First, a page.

OUTSKIRTS: Serge Daney also wrote in 1978 that ‘The decline of the melodrama goes hand in hand with the rise of a cinema that privileges, rather than symbolic determinations, socio-economic determinations. The “sane” reaction to melodrama, therefore, that of the spectator who doesn’t “fall for it” (but falls for something else, the belief in “context”, for example) has for a long time been to sneer at it.’ Why do you think Sirk’s reappraisal first happened in the UK, rather than anywhere else? I was also, again, struck by the reaction of the audience in Locarno to his work.
LM: The reaction to Sirk generally has stayed by and large the same over the years; certain moments still cause a kind of embarrassed laughter. However, sometimes the laughter is a kind of recognition of his stylistic excess, artifice, and what you might call over-the-top-ness of the melodrama itself. Perhaps one reason why we valued Sirk in England (and I mean English rather than British consciously here) was due to our generation’s reaction against the tradition of English realism: from the 19th century novel, to the English realist film of the 1960s, to the English documentary… We associated this tradition with a parochial and rather complacent insularity, in which Englishness was given superior value—very much superior to American popular culture but also to European ideas and theory.
The New Left Review where Peter worked and wrote had initiated a turn towards European culture and politics and a turn away from an English tradition of culture and politics in the mid ‘60s. In film terms, this involved rejecting realism and embracing American popular culture—definitely shocking to the English film intelligentsia of the time, who still couldn’t grasp the idea that popular cinema could have aesthetic value. In a sense Sirk seemed perhaps particularly subversive, more radical, in this particular anti realist context, and he still does now. To reiterate my earlier point: his stylistic excess, artifice, and what you might call over-the-top-ness of the melodrama itself! I think he is still quite a difficult director to understand.
To return to the point I mentioned earlier: in Edinburgh 1972, the Women and Film event coinciding with the Sirk retrospective, prefigures a key strand of feminist film theory. The Women’s Movement influenced film in three ways (or three that I want to mention here). One was, as it were, archaeology: as I mentioned earlier, the rediscovery of lost women directors; the second was the celebration of the new women directors whose work was just emerging in dialogue with feminism; and finally, critique, for instance, of the patriarchal gaze, which led on to my article ‘Visual Pleasure and Narrative Cinema’. But alongside these three strands there was also a special interest in the melodrama and films made by the industry for a female audience. The strand of critique and of interest in melodrama were both influenced by psychoanalytic theory. Thomas Elsaesser’s essay, also dating from 1972, ‘Tales of Sound and Fury’, had a very important impact on me. He argued that the melodrama as a genre revolved around a particular relation between form and content: as key emotional issues couldn’t be spoken, repressed by social situations and the oppression of women, these meanings were displaced onto the mise-en-scène: camera, lighting, framing, and so on. From this perspective, at least to my mind, Freud’s concept of the unconscious, and the work of displacement within it, had a theoretical relevance to the Hollywood melodrama. And Sirk’s films are, once again, at least to my mind, exemplary in this conjuncture.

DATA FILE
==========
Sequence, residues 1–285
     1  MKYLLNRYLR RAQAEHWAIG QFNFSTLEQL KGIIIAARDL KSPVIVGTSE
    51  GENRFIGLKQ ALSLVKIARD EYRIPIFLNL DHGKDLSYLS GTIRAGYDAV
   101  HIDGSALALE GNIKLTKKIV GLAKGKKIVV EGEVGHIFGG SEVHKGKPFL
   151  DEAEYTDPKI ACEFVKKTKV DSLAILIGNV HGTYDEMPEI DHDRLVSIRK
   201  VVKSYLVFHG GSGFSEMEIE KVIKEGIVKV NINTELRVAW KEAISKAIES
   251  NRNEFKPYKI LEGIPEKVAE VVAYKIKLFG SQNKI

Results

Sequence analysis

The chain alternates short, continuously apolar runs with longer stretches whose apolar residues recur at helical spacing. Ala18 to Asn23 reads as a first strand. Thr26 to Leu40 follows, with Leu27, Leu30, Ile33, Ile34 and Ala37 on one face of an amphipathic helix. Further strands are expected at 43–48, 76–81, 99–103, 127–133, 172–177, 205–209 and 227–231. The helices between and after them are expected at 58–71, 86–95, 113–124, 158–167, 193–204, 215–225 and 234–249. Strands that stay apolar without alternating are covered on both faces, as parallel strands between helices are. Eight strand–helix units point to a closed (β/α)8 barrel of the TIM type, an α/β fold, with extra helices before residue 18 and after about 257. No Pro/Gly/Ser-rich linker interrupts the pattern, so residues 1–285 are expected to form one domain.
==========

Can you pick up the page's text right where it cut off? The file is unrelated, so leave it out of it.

OUTSKIRTS: In relation to this notion of significance, in Locarno you also spoke a great deal about the need to decipher Sirk’s work, especially drawing attention to the way in which his cinema makes visible and invisible the unspeakable or the unspoken, that which is subscribed within the image. Norbert Jochum wrote that watching melodramas is a skill you need to learn. This is something I have been thinking about, because you also once wrote that Written on the Wind (1956) is a film that assumes its audience will absorb its symbols intuitively. Do you think that highlights an essential and crucial duality in Sirk’s films, namely this reliance simultaneously on the intuitive, the metaphor, as well as the need for distance in order to actively decipher the image?
LM: Yes. Paul Willeman wrote a fascinating essay applying Brecht and his idea of distanciation to Sirk. He argued that Sirk’s images draw you in and push you away simultaneously. Sirk is very much a master of cinema; his films take on their meaning through its language and expressive imagery.
OUTSKIRTS: This notion of articulation and repression might be a good bridge to Tanaka. So perhaps to start off, the first film by Tanaka you watched was The Eternal Breasts (Chibusa yo eien nare, 1955, also known as Forever a Woman), the film about the life of tanka poet Fumiko Nakajō (1922–1954), who died of breast cancer. And you wrote to me that it was one of the best films you had ever seen. I am curious about what that initial reaction was based on? What was particularly striking to you about the film?
LM: I didn’t know, at that point, that the film was based on the life of a particular woman poet. So, I was completely amazed by the trajectory of her story: that it starts in a farm yard, that the woman protagonist becomes a well-known poet and it then ends, as she is dying, with an extraordinarily ethereal sex scene. I know now that the film tells Fumiko’s (based on Nakajō) life story but it’s still remarkable not only that Tanaka chose to tell it, but also how she tells it, how she stages events cinematically.
OUTSKIRTS: That’s interesting, I can see how that would change your perception of the film!
LM: In a sense, it’s good not knowing that it’s a biopic, at least on first viewing. But I then became interested in how Tanaka structured the narrative and how she staged it.